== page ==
Issued by Sounds Air Travel and Tourism.
November 24, 2020
New Zealand regional carriers, such as Sounds Air, play an important role keeping local communities connected, because alternative modes of transport are often unfeasible.
Sounds Air started in 1987 in response to local communities wanting a more convenient means of transport between the two islands. The airline's managing director, Andrew Crawford, says the Cook Strait, separating New Zealand's North and South island, “is a body of water that is pretty notorious with ferries.” The ferry sailing also takes three to three-and-a-half hours compared to 25 minutes by air.
The airline's first passenger service connected Wellington, the country's capital city at the southern tip of the North Island, to Blenheim, a large town in the north-east of South Island. It then competed directly against the Wellington-Picton sea ferry service by building an airstrip that it still owns, at Koromiko near the port of Picton.
Today, Sounds Air has scheduled services on nine domestic routes, of which for seven of these Sounds Air is the only scheduled operator.
Crawford says air services are crucial to many local communities and a key driver of local economic growth. He cites as an example Westport, a town on the south island with a population of around 4,500.
“Westport would be in a serious predicament without air services. It is a town that is not that big, but it has a wide catchment area. The town doesn't have a lot of specialist services. We fly in lawyers, accountants, geologists, etc.”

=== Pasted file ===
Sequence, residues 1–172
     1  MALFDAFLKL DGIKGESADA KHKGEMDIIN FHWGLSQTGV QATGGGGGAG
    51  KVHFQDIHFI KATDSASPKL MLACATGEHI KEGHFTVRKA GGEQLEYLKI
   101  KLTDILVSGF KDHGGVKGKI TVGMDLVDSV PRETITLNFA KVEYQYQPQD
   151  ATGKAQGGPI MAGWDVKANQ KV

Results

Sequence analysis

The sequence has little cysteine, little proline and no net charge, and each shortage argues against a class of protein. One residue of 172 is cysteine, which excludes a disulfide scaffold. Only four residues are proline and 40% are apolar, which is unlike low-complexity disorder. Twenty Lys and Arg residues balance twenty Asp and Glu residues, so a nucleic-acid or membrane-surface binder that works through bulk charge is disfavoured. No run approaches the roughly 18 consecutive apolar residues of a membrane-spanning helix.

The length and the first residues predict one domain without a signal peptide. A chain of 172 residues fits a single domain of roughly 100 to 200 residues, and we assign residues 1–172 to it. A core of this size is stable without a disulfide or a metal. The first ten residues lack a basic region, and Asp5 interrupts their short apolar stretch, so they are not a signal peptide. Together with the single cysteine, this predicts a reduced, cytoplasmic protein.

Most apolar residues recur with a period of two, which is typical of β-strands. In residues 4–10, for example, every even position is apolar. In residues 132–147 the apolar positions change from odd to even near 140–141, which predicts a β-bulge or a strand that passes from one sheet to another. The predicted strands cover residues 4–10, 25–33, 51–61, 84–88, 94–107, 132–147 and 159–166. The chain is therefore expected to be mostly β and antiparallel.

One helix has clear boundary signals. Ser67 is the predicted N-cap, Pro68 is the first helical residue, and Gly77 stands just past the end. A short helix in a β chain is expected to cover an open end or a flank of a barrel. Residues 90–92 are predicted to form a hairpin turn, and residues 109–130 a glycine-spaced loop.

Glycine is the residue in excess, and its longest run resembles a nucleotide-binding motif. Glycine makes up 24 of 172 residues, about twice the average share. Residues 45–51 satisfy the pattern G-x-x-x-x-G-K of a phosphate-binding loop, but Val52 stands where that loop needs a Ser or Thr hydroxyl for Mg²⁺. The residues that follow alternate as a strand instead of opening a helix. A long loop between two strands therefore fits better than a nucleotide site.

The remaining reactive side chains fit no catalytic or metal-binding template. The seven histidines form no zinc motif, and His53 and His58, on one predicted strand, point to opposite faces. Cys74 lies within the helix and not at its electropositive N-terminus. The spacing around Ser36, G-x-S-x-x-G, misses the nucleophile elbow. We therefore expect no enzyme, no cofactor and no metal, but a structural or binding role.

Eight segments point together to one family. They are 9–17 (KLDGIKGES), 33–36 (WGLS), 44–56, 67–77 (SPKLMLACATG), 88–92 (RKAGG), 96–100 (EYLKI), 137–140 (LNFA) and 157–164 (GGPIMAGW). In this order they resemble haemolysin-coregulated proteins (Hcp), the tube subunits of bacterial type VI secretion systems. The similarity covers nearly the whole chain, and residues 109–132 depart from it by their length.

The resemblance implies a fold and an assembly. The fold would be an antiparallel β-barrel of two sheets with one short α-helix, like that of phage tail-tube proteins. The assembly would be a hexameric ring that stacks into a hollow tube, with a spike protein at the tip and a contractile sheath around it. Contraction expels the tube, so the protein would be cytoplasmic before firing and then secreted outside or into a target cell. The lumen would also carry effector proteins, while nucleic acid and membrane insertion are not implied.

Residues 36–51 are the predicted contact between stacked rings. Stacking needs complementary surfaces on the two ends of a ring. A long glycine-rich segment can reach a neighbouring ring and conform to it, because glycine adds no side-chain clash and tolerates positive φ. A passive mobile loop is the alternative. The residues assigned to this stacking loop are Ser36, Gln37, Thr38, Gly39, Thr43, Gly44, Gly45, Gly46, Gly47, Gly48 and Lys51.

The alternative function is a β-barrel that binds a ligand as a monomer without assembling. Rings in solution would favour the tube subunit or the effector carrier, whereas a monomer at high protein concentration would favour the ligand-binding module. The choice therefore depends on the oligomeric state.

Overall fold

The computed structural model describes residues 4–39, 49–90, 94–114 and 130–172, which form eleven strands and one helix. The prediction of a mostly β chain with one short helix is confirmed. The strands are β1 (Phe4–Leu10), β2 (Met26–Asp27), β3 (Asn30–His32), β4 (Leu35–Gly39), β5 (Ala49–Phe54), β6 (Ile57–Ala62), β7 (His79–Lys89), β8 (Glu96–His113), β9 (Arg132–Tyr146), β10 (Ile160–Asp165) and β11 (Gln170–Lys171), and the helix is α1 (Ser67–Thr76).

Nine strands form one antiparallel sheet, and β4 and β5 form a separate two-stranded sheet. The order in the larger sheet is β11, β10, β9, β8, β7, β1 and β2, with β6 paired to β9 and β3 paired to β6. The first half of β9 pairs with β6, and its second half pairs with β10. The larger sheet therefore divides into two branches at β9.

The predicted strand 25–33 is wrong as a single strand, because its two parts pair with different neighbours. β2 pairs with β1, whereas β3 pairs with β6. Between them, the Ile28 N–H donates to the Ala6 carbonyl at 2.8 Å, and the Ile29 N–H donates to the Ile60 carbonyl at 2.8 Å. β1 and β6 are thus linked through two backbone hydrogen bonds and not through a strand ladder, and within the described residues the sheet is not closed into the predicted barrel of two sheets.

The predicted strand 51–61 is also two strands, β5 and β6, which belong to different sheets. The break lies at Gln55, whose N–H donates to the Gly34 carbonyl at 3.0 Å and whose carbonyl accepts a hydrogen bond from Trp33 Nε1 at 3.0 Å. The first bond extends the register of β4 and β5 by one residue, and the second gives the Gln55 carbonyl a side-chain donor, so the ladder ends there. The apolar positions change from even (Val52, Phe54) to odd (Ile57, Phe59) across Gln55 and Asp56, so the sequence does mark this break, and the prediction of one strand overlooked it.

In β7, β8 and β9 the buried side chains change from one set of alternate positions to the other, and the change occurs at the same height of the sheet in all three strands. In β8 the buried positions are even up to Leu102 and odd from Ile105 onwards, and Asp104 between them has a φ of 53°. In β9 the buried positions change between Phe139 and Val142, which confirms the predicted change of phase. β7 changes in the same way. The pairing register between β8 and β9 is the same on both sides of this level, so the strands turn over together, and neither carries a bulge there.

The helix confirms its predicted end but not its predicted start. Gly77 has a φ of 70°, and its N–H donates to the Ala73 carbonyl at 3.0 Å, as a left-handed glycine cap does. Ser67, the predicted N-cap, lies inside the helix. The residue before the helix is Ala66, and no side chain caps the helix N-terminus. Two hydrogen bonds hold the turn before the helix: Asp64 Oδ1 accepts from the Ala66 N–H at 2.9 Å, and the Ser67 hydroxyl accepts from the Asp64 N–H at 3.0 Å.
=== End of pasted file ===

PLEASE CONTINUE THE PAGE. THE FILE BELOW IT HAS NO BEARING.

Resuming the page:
“How else would people get there?” Crawford asks rhetorically. “The alternative is to fly Wellington-Nelson, but then you would have a two to three-hour drive to Westport.”
Sounds Air connects the town to the North Island with its Wellington-Westport service that uses Pratt & Whitney-powered Pilatus PC-12s. “We have a twice daily service on the route, so it really opens up that town,” he adds.
The airline's services have also proven to be vital in times of disaster. When a 7.8 magnitude earthquake hit Kaikoura on the South Islands east coast in 2016, the town was cut off with roads damaged and impassable to all traffic. Sounds Air launched air services from Blenheim and Christchurch to Kaikoura, which has a 700 metre-long runway, which is too short for most aircraft, but not for the airline's Pratt & Whitney-powered Cessna Caravans.
Sounds Air today operates a fleet of four Cessna Caravans and six PC-12s, all powered by the Pratt & Whitney PT6A engine. The benefit of having one engine type across the fleet is commonality that then simplifies the operation, says Crawford, adding that “you have one set of tooling.”
Sounds Air uses Pratt & Whitney's Fleet Management Program, which Crawford says the engine-maker refined to meet the airline's needs.
He says the airline also uses Pratt & Whitney's Flight Data Acquisition Storage and Transmission System (FAST), which is used for engine condition trend monitoring (ECTM). One of the many benefits of ECTM, is the airline no longer needs to perform a hot-section inspection of the engine based on number of flights hours, says Crawford. Instead it does a hot section inspection if the engine data indicates the condition of the engine warrants it, he adds.
Sounds Air previously would perform a hot section inspection at half-life, “but now we don't have to, as we can work off the data,” he adds.
Sounds Air, started in 1987, is a locally owned and operated airline based at Picton Airport, in the heart of Marlborough, New Zealand. It links the North and South Islands between Wellington, Picton, Blenheim and Nelson. It has been operating for more than 30 years flying in and around the Marlborough Sounds, Cook Strait, Wellington and Nelson.